One of the most commonly asked questions at a job interview is where you see yourself at some point in the future for example, “Where do you see yourself in 5 years’ time?” or “Where do you want to be in 5 years’ time?”
If you don’t have all your life mapped out, the question can cause confusion and moreover, seem annoying. Do you really know what you will be doing or do you really know what you would want to be doing in five years?
Organisations and the way they are run change so rapidly, that it is hard to predict all the twists and turns that your career can take. And responding to this type of question can be challenging even for the most focused and ambitious candidates.
However, the fact that you cannot predict the future does not mean you cannot anticipate it and be ready for it. There are several techniques that can help when constructing an answer to this question to affirm your interest in the position and highlight your skills.
What the interviewer is looking for
First of all, even if the question sounds very straightforward and to the point, try understanding the context behind it. What is it exactly that the interviewer is looking for?
The hiring managers do not expect you to provide a detailed plan of all your actions and achievements within the subsequent five years, they are simply trying to discover answers to the following:
1. Will you still be with the company in five years and does the position fit in your overall career plan?
The cost of turnover is high, and not surprisingly, organisations look for employees that will be productive, capable and importantly will stay long enough to provide a return on investment.
2. Will you be functionally a good match for the position?
It is very important that the new employee enjoys doing the job. This is crucial as happy employees are more productive. They are more loyal and they tend to stay in a role for longer. For an recruiter this is vital and they will test to ensure that you are not taking any job, because if you are, then more likely you will get bored sooner and look for another opportunity elsewhere.
3. How ambitious are you?
Many positions require you to be ambitious. Hiring managers want to find a person who will be sufficiently ambitious to grow and change along with the organisation however not overtly determined that they simply want to use the post as a stepping stone to something bigger with another employer.
Follow these simple steps to give a winning answer
In order to present yourself in the best possible way you need to become more self-aware. Set this as your homework before the interview. Spend some time creating your personal vision statement and then try tailoring it to different situations: an interview, a talk with a manager or a person you meet at a networking event. In the process of creating a personal vision statement do not ignore the importance of reflecting on what you are good at and what you are not.
Question your values, goals and the means you would deploy to achieve them. Make sure to have three key facts that you want the person in front of you know about you.
2. Be Honest
In the work world, where you are expected to deliver results, you are also expected to have a clear sense of direction. Thus, in many situations, not having a clear answer to the question about the upcoming 5 years would not be accepted. Nevertheless, if you don’t have it, don’t make an answer to satisfy the interviewer. You want to be honest to find the job that is right for you, not just any job.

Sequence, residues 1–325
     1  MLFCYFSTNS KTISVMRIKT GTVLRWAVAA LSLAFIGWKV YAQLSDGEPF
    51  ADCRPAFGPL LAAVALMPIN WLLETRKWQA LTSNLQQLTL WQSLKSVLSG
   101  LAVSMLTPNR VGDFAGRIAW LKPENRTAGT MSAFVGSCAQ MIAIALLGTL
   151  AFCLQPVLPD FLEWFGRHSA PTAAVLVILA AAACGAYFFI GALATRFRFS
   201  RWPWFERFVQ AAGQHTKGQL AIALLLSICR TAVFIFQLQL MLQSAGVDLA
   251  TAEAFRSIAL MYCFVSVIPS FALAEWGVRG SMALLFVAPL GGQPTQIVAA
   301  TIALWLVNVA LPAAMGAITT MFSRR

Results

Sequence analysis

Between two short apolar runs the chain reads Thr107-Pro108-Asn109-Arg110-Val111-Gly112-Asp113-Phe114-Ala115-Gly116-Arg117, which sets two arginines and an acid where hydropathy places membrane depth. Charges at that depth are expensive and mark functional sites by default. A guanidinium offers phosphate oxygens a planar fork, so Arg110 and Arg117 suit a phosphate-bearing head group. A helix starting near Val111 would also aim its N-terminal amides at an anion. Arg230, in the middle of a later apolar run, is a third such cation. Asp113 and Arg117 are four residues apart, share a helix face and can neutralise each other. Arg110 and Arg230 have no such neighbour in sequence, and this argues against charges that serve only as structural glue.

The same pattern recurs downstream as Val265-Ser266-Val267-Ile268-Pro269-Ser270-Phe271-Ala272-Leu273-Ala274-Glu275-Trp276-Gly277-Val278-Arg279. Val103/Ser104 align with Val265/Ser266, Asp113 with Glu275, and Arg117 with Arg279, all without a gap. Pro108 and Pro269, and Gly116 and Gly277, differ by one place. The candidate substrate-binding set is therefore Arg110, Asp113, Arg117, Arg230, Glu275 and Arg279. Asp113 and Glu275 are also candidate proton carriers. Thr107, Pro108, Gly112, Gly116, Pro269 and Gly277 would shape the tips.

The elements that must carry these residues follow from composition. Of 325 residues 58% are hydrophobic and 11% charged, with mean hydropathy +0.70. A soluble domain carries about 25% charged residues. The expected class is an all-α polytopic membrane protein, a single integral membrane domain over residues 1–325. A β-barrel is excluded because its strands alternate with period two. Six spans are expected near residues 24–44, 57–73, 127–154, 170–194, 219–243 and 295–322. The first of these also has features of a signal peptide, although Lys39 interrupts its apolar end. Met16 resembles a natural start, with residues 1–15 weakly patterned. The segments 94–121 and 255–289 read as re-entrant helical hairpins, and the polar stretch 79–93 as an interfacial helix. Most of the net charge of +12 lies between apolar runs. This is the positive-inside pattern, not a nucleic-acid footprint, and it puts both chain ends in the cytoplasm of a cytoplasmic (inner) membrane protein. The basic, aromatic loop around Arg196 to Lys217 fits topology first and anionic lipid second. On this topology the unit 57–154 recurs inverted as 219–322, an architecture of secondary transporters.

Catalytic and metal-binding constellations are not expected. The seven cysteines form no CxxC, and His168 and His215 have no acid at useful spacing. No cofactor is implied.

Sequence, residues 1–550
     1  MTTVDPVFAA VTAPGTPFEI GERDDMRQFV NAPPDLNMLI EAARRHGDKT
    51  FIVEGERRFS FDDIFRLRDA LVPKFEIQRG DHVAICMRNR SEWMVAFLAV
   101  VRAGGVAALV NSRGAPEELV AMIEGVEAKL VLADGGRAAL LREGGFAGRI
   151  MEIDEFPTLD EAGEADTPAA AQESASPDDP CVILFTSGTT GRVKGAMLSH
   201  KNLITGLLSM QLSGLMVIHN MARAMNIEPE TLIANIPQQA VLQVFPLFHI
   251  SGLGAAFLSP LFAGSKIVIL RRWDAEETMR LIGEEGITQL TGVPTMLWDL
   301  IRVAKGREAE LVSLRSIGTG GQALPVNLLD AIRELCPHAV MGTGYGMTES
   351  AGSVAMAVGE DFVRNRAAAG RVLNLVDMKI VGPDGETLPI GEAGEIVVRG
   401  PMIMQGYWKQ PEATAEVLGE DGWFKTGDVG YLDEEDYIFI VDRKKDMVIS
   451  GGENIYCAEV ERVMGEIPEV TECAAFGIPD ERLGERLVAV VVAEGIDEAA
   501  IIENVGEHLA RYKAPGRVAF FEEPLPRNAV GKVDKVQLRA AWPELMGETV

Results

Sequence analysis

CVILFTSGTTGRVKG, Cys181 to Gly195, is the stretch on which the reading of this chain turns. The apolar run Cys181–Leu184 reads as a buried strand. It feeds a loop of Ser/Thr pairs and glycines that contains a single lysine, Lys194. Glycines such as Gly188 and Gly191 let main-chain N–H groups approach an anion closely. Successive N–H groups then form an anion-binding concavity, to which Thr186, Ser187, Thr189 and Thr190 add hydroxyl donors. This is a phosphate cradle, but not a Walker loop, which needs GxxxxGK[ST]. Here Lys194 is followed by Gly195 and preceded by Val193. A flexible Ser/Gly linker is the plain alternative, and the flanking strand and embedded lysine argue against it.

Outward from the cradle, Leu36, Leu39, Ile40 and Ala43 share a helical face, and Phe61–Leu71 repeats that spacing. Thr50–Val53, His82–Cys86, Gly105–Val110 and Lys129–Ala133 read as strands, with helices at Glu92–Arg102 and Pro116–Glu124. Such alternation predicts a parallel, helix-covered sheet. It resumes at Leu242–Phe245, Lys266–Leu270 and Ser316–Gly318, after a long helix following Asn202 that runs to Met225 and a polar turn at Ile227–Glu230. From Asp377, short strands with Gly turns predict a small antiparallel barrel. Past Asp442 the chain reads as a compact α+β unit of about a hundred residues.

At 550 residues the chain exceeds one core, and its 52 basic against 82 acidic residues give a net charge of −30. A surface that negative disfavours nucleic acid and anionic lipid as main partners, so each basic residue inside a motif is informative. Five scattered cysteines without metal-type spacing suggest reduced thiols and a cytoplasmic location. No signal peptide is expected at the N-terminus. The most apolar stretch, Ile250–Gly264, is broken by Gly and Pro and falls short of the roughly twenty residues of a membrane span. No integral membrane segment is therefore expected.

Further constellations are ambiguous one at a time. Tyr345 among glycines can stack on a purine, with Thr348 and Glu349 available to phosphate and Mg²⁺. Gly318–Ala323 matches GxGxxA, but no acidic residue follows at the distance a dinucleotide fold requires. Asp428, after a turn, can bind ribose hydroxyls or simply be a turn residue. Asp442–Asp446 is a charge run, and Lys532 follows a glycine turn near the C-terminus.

Having said that if you plan of taking a trip around the World in six months and you reveal this to your interviewer you are unlikely to be rewarded with the job offer.
3. Focus on learning
By mentioning that in 5 years you want to be in this or that position has it’s threats. You can seem either too ambitious or not ambitious enough. The situation can get worse if you mention that you want to have the same position as the interviewer.
Instead, focus on learning. Mention the capabilities and the skills you would build or improve over the 5-year period.
4. Know the possible career tracks
Again, do your homework! What are the career tracks someone in your position can follow? If you don’t know, talk to your professional network to get a picture of the possibilities.
5. Mention Results
If you are being interviewed for a long-term project manager position, do you see yourself successfully finishing that project in 5 years? Mention the milestones you see yourself completing and the ultimate delivery of the project.
Dos and Don’ts when answering this question
- Reflect and refresh your memory of your skills and experience in order to have a personal answer
- Understand what the interviewer wants to get from your answer
- Give a positive response outlining your desire to be with this organisation and delivering great quality work
- Give an answer which shows your intention to move from this company within a short space of time
- Limit yourself to a specific position – ideally you would be expected to show a desire for growth
- Just say you have no plans. Show that you have given thought to your career and chosen this post as a key central part of that plan
“I know it’s difficult to plan that far ahead however within five years I can see myself as a project management professional who has a reputation of delivering international projects on time and within budget. I will have a track record of several successful and innovative projects that have brought significant profits to the company. I will also work on my personal and professional development to become an expert in this field whose word is valued and respected both internally and externally among peers. Overall I can certainly see myself working with this organisation contributing as part of or leading the team and thoroughly enjoying my work.”